The Boat That Rocked
Richard Curtis’ return to the big screen after six years back working in television is not as rockin’ as it is rolling, loose, baggy and freewheeling. It feels like a very long musical montage with little structure or direction. Some fine performances and a funny script can’t hide the fact that this is the Notting Hill writer’s weakest feature film to date.
Wasting no time getting into life on board the fictional 1966 pirate radio ship Radio Rock, Curtis races through character introductions to sail straight into the first of many comedy set-pieces. What follows is less a film than a two-hour sketch show with a big budget, held together by some of the most popular songs of the era.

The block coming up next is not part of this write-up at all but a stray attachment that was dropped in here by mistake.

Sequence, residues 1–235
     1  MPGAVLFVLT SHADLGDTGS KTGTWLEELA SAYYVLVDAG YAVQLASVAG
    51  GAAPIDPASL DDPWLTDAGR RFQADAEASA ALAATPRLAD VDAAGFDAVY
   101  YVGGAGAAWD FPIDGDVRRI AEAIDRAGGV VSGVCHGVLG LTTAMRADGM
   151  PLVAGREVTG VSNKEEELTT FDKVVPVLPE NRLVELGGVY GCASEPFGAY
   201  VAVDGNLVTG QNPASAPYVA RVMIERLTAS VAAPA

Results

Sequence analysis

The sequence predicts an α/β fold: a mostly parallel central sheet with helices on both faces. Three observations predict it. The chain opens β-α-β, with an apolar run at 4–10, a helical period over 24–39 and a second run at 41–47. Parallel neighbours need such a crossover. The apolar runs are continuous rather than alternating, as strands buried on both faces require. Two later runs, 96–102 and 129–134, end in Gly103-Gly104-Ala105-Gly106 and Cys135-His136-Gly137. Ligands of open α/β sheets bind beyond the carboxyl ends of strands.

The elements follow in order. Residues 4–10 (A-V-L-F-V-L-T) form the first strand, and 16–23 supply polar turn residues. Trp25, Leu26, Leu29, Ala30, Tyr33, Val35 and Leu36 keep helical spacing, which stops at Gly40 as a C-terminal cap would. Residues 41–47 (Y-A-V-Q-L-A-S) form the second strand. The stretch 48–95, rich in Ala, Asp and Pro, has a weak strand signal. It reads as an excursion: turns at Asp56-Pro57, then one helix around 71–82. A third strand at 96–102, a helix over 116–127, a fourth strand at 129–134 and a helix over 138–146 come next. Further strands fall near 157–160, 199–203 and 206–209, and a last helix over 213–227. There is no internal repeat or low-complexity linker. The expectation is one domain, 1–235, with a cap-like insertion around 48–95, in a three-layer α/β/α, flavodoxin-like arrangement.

Character actors Philip Seymour Hoffman and Rhys Ifans fail to make much of an impact in this environment, while Bill Nighy’s rocking granddad act feels staid. The actors with stronger TV comedy roots come out best: Spaced’s Nick Frost and Flight of the Conchords’ Rhys Darby get some of the most memorable moments but it is Chris O’Dowd from The IT Crowd who really shines, investing one of Curtis’ most far-fetched scenarios with an unexpected emotional depth.
Curtis clearly isn’t aiming for realism, so anyone expecting an accurate recreation of pirate radio’s heyday will be left wanting. Music fans in search of a film about the intangible power of popular music would be better revisiting Cameron Crowe’s Almost Famous.
General release from Fri 3 Apr. See interview.